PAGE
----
Of Daniel Kahneman and why investors need the skill of delayed gratification

The ability to delay gratification can lead to long-term physical, mental as well as financial well-being.
The ability to delay gratification can lead to long-term physical, mental as well as financial well-being.

Summary

  • Kahneman drew on cognitive psychology to understand how people make economic decisions.

Daniel Kahneman, who died on 27 March, was best known for debunking the notion of ‘homo economicus’. Kahneman drew on cognitive psychology to understand how people make economic decisions. Kahneman’s work shed light on why it is so challenging to save and invest for the long term, why, despite the mandatorily displayed warnings, that 9 out of 10 traders lose money in the future and option segment, and scores of individuals, especially the younger generation, are drawn to derivative trading. Kahneman attributed this phenomenon to people’s struggle with decisions involving delayed gratification. He introduced the concept of ‘temporal discounting’, wherein future rewards are undervalued in favour of immediate satisfaction, leading to suboptimal financial choices and unhealthy behaviours.

Long-term investing rests on the skill of delayed gratification. The ability to delay gratification can lead to long-term physical, mental as well as financial well-being. Impulsive individuals find it difficult to evaluate all choice alternatives and their long-term consequences. Impulsivity is related to time preference. Individuals with a high time preference, i.e. present-time orientation, focus on the present and prefer to spend their money immediately rather than later. On the other hand, individuals with a low time preference, i.e. future-time orientation, are more willing to delay the gratification of having products and services immediately. They generally save and invest for the future.

In periods of economic upswing, people become more confident and optimistic about the future economic conditions and about their own financial situation. Their time preference shifts from low to high. As a consequence, they are more inclined to splurge than save and invest. The young generation with YOLO (you-only-live-once) and FOMO (fear-of-missing-out) mindset, seem to interpret the age-old wisdom of living in the present differently. For them, living in present means present time orientation and instant gratification. There has been a lot of debate and concerns on the widening gap between the have and have-nots. There is a third category that lies within the realm of the haves and the have-nots: the have-not-paid-for-what-they-have. People are saving less and spending more even if they need to borrow the money. The proverb ‘Better to go to bed hungry than to wake up in debt’ has become outdated. The biggest threat to long-term wealth creation is not the market volatility but the attitude of instant gratification. There is an opportunity cost of instant gratification. Every rupee spent on a non-essential current pleasure is a rupee not invested for the potential future wealth. Living in the present does not mean that people should not plan or work for future.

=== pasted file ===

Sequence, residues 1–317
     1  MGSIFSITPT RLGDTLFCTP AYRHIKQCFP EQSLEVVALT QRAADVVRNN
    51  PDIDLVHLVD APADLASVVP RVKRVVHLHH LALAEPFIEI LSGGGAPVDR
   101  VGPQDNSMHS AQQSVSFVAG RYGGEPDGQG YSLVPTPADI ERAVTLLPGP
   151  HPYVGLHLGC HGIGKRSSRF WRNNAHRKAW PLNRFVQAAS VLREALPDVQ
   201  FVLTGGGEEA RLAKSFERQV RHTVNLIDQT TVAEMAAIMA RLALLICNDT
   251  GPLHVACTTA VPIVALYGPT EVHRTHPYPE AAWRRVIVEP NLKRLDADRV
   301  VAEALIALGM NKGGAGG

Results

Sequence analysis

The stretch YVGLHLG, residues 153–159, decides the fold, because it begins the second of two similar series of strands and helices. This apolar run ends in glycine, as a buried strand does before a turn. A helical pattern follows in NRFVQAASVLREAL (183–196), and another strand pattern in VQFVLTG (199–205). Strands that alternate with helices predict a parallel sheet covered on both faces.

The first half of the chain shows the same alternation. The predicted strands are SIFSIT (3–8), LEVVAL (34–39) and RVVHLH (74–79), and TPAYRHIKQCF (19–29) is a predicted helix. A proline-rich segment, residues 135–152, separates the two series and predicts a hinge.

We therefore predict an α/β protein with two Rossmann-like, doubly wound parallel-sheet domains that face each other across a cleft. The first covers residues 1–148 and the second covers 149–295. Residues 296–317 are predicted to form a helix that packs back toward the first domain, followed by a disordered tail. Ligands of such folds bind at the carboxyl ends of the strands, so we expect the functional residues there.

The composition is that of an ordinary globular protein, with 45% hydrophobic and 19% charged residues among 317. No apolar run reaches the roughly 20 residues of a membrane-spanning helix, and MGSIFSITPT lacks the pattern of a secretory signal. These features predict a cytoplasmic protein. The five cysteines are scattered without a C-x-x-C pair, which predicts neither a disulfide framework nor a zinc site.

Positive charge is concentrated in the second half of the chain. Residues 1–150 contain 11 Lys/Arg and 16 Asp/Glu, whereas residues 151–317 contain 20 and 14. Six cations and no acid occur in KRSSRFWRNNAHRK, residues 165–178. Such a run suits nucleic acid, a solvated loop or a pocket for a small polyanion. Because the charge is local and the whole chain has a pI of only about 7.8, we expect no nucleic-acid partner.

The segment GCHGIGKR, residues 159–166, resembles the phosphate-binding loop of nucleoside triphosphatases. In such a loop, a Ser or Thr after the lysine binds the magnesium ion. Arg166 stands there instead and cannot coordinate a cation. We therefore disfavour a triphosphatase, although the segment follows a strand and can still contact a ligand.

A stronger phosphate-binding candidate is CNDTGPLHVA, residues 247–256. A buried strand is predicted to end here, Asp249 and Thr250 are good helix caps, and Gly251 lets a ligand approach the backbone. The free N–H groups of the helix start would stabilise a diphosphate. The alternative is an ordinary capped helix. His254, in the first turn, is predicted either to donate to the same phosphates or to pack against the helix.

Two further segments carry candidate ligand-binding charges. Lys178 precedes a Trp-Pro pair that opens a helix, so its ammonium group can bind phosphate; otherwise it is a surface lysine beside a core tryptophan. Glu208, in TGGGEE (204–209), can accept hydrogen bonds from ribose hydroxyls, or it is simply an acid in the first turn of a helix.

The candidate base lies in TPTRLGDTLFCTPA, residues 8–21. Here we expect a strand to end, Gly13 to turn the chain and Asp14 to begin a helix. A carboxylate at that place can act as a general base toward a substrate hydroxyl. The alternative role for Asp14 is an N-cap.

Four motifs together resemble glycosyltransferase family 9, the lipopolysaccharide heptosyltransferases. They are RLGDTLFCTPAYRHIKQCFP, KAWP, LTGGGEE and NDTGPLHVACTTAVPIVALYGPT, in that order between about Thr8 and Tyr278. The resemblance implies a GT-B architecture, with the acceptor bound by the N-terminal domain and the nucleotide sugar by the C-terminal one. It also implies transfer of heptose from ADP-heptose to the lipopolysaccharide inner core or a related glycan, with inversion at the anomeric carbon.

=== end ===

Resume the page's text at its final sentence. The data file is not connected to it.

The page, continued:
Shefrin and Thaler (1988) referred to the internal conflict between short-term and long-term preferences as a conflict between a ‘planner’ and a ‘doer’. The planner is assumed to be far-sighted and aims to strive toward maximizing life-long utility. The doer is myopic and impulsive, strives toward maximizing immediate benefits. Though people have an ingrained preference for doing things that make them feel better in the moment over waiting for rewards that may occur at some uncertain future point, an evolutionary trait differentiating humans from other species is to show patience, forgoing immediate benefits to acquire more valuable future rewards. Patience is a uniquely human trait. In order to satisfy long-term goals and objectives, it is necessary to exert self-control. Fortunately, delayed gratification for longer periods of time is a skill one can cultivate and practice. Individuals can adopt various strategies to defer immediate gratification. Methods such as segregating wealth into separate long-term and short-term accounts, enrolling in systematic investment plans (SIPs), National Pension Scheme (NPS), etc., are effective ways to accomplish long term investing.

However, leaving long term wealth creation, just as the problem of obesity, to the willpower of people could be a costly mistake. They are unlikely to be self-correcting. They are not just an individual’s problems. They have socio-economic consequences. The tendency of instant gratification and myopia will come in way of long-term capital formation.

People themselves, the financial services industry, issuers of securities and other financial and investment products, investment advisers and financial planners, the regulatory bodies and financial and business press have a significant role to play in shaping the choice architectures and decision-making environment to bring the needed shift in mindsets.

It is necessary to understand that reaping the benefits of compounding requires time, that time in the market is more important than timing the markets, and that delayed gratification is pivotal for accumulating wealth.

Rachana Baid is professor and dean (academics) at the National Institute of Securities Markets (NISM).

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